It should have been clear to me from the beginning how difficult this book would be. In its first incarnation, delivered at the University of Toronto in the spring of 1995, I presented a grammatical argument that God's first person plural pronouns in Gen 1: 26 are referentially plural; viz., that P's God refers to other gods as he is about to create human beings. A member of the audience then exposed the basic problem: From all that is known of P, this tradition is strictly monotheistic and does not recognize any god other than the one God (see §0.3). It would seem, then, that grammar and interpretation fundamentally conflict in this instance and, I feared, that any new attempt to enter this longstanding debate was doomed. This project was trouble from the outset.
As it expanded scope, I called on colleagues, friends, and family to help me navigate the terrain. Wallace Chafe, Carol Genetti, and especially Marianne Mithun coached me on linguistic issues. In Assyriological matters, I benefitted from the advice of Paul-Alain Beaulieu, Peter Machinist, Erica Reiner, Piotr Steinkeller, and especially Benjamin Foster. When I got entangled in taxonomic categories, Newton Kaiman and Deborah Kaska patiently sorted out the mess. I thank them all.
I am indebted to a long list of Biblicists and non-Biblicists who each showed me something new about a topic I thought I understood: Yohanan Breuer, Marc Brettler, Rabbi Steven Cohen, Alan Cooper, Barry Eichler, Richard Elliott Friedman, Gail Humphreys, Tikva Frymer-Kensky, Edward Greenstein, Jon Levenson, Jan Joosten, William Nelson, Simon Parker, William Propp, and Jeffrey Tigay. So too, I thank Mario Biagioli, Phyllis Bird, David Carr, Vincent DeCaen, Steven Fassberg, Michael Fox, Frank Gorman, Allan Grapard, Richard Hecht, Aharon Maman, Elisha Qimron, John Revell, and Mark Smith.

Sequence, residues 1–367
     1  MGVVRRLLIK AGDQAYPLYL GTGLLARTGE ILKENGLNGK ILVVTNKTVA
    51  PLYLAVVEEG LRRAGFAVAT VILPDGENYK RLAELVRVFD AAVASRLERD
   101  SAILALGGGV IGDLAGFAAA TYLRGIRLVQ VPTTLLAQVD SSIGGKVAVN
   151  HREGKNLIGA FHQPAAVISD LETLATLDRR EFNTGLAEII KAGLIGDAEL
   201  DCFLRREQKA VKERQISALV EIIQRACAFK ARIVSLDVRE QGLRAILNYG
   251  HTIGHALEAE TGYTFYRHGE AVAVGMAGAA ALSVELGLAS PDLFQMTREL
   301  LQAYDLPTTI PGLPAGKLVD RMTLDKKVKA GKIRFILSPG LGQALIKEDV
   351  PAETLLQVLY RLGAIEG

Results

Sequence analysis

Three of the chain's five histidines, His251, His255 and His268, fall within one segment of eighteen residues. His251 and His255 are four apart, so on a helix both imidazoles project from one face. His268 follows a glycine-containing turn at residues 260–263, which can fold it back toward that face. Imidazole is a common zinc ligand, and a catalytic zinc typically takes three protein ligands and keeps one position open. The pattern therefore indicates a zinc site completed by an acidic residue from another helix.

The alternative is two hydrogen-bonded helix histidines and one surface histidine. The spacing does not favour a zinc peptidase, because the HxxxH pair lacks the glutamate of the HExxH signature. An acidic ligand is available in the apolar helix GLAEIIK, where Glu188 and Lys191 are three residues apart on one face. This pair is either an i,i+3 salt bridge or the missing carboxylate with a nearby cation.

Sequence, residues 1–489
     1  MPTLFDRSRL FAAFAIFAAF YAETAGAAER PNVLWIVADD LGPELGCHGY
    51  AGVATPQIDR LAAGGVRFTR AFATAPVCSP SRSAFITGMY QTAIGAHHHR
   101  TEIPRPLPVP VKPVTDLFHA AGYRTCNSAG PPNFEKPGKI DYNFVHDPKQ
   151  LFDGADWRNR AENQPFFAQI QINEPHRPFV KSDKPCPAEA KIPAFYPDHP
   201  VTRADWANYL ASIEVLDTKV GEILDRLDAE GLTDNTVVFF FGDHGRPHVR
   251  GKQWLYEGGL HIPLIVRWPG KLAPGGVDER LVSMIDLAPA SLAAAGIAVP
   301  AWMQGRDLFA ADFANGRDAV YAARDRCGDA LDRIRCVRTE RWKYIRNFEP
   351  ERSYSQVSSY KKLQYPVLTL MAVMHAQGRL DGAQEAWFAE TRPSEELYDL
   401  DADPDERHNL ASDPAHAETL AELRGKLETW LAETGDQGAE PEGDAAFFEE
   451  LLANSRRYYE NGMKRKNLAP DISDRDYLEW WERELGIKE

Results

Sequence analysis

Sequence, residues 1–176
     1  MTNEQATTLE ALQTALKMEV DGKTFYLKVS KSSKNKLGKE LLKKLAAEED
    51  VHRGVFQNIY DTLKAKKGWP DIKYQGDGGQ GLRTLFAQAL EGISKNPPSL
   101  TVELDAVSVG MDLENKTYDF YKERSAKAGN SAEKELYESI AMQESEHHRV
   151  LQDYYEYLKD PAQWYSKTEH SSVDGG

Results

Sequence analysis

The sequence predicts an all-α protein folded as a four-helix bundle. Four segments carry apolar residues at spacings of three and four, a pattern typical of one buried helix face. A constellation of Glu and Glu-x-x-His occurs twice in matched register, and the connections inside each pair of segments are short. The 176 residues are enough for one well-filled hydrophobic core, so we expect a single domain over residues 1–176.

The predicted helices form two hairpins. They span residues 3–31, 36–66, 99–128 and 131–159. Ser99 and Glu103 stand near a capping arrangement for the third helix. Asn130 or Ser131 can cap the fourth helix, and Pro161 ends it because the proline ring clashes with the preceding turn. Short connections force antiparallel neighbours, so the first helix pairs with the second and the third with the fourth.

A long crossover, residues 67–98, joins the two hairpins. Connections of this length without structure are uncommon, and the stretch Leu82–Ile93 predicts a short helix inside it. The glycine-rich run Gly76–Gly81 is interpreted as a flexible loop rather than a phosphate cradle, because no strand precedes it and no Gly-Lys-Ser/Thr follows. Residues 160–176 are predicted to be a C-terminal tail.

This project made me unusually reliant on the generosity of others. James Barr, Judith Hadley, Karel Jongeling, Norbert Lohfink, Jeffrey Tigay, and Eerdmans Publishing Company graciously sent me preprints or offprints of material not otherwise available to me. I am grateful to the libraries and librarians of the Claremont School of Theology, Ecole Biblique, Fuller Theological Seminary, Westmont Col
Questia, a part of Gale, Cengage Learning. www.questia.com
Publication information: Book title: In His Own Image and Likeness: Humanity, Divinity, and Monotheism. Contributors: W. Randall Garr - Author. Publisher: Brill. Place of publication: Boston. Publication year: 2003. Page number: ix.